Savarese, on Williamson's injury: "It was a little bit of déjà vu”

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BEAVERTON, Ore. — One day after the Portland Timbers announced Eryk Williamson, one of the team’s starting midfielders, would miss the rest of the 2021 season, Timbers head coach Giovanni Savarese held his regular, pregame video conference, this time ahead of Portland’s Friday visit to the Houston Dynamo. It only took one question for the session's focus to turn to Williamson, as well as the player's torn left anterior cruciate ligament.

“That was the most disappointing thing that we had from that game,” Savarese said, alluding to his team’s 2-0, Sunday victory at the Seattle Sounders. “And it happening to Eryk the same way that it happened to [Sebastián Blanco]. It was a little bit of déjà vu.”

Eleven months after another Timbers standout, Blanco, tore his right ACL at Lumen Field, the Timbers made their first visit to Seattle. Blanco scored and the team won on a day that, in some ways, may have felt too familiar. Last year, it was Williamson scoring after Blanco departed, with the Timbers going on to win, 2-1.

“It is very unfortunate, because Eryk has been working so hard to be able to grow as a player,” Savarese said. “To be able to put himself in good situations, as we saw when he was called up to the National Team, to participate in the Gold Cup, winning it, starting in the final, [then] coming back with so much desire to do well with us. He is a very important player for us.”

Williamson had been one of Portland's best player since breaking into the team’s starting lineup before the 2020 MLS Is Back tournament. Since then, he solidified his place in the team’s central midfield, earned a new, long-term contract from the Timbers, and worked his way into his country’s national team. His appearances at this summer’s Gold Cup were his first as a senior United States international.

“Now, there's the other part,” Savarese explained. “There's himself. He's a young player with things happening in a good way at this moment, then all of a sudden, you get injured with an ACL. Now, you have to go through the whole process.”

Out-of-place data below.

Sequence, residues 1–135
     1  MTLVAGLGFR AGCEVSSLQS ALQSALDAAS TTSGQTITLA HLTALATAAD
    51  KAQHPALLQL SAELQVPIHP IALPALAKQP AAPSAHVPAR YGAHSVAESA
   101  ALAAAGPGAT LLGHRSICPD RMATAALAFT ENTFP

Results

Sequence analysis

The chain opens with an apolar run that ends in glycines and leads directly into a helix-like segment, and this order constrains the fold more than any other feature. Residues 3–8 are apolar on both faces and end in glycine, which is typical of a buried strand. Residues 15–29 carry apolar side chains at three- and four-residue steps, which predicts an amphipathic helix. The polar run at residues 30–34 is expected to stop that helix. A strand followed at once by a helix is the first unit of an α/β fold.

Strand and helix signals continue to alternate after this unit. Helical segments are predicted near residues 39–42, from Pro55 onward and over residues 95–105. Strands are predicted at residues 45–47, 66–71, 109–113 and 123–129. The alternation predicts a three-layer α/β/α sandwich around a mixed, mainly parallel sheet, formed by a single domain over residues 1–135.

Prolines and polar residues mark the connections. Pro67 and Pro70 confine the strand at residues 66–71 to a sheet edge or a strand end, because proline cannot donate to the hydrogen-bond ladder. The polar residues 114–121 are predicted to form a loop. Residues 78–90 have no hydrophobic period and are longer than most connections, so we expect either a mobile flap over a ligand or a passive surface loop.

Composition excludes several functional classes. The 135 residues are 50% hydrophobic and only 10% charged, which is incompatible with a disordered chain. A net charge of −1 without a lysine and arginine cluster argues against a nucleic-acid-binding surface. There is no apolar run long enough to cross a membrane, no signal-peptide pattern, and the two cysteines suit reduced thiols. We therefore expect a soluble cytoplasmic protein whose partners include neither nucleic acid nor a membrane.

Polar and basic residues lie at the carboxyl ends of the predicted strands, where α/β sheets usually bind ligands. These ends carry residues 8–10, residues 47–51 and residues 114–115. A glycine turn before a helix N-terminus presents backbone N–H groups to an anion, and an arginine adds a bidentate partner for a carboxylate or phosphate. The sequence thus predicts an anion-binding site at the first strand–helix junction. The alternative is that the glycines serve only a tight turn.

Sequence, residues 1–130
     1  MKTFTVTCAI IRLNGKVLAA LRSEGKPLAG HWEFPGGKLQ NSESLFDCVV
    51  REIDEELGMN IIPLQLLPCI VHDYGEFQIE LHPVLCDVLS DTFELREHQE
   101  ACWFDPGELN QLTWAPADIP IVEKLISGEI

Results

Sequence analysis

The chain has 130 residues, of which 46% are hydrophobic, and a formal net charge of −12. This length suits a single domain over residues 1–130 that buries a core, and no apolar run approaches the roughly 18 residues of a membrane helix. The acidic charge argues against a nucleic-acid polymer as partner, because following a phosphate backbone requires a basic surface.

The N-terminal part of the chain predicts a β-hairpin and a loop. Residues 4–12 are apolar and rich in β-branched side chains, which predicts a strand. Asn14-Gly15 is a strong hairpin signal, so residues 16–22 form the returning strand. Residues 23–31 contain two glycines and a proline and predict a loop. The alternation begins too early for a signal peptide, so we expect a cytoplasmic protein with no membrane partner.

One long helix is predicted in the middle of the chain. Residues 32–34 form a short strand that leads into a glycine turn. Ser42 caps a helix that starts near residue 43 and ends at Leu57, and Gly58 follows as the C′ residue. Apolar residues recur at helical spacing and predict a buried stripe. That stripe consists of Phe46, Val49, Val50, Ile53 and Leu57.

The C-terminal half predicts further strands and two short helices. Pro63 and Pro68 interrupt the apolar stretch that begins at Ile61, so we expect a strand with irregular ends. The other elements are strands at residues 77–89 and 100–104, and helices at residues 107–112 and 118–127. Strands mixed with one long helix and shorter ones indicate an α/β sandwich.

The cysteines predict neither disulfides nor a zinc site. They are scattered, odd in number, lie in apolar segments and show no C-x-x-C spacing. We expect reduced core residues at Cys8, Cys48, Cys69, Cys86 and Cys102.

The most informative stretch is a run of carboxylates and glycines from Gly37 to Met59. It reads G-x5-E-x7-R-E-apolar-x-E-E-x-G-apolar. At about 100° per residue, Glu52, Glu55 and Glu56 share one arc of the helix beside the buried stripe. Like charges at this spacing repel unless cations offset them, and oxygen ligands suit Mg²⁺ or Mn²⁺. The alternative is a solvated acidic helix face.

Williamson gave his first insights into that process on Tuesday, where he confirmed to the world that his absence would be prolonged. “Why me, why now,” he asked, rhetorically, in his Instagram post. “As much as I want to sit here dwelling and feeling bad for myself, I know the comeback starts now.”

Unfortunately, the Timbers are growing too familiar with ACL recoveries. For Blanco, the process cost him nine months. He was out from September through June. Jaroslaw Niezgoda, another Timber who suffered a torn ACL last fall, also missed nine months. He returned to the field in August.

“For us, [Williamson’s injury is] difficult,” Savarese confessed, “because it's the third one in less than a year with important players, and it's very unfortunate.”

If Williamson’s recovery is anything like Blanco’s or Niezgoda’s, he should be back next spring. The “if,” there, might be the most important word. The Timbers have not given a timeline for Williamson’s return, nor are they likely to this early in the process.

For now, Portland have to adjust to a world where Williamson is not an option. They can’t be certain when he’ll return.

“We have players,” Savarese said, when asked about his plans in central midfield. “We have Renzo Zambrano. We have [George] Fochive. We have Paredes, [Diego] Chara, who has been playing. [Bill] Tuiloma.

“We have these players that can come into the position. Not to perform in the way Eryk did — Eryk is a very unique player, we're going to miss him — but we just have to make sure that we cover with the players that I mentioned, in one way or another, depending on what we want to do on the field on that particular day. But at least we have those options.”

Deciding on a lineup is the easy part of Williamson’s injury. Coaches have to adjust to absences all the time. The more difficult part will be the process Blanco and Niezgoda just came through: a successful surgery; a healthy recovery; the monotonous rehab, often done in isolation; and then, restoring confidence. As with any major injury, Williamson’s recovery will be about more than how the physical part heals.

“The good thing is that all the players have been talking to him,” Savarese said. “People from other teams, players, coaches have reached out to him as well to give their advice.

“We're going to keep him very close to us in order to make sure that we can get him back playing. That way, he can come back in stronger.”

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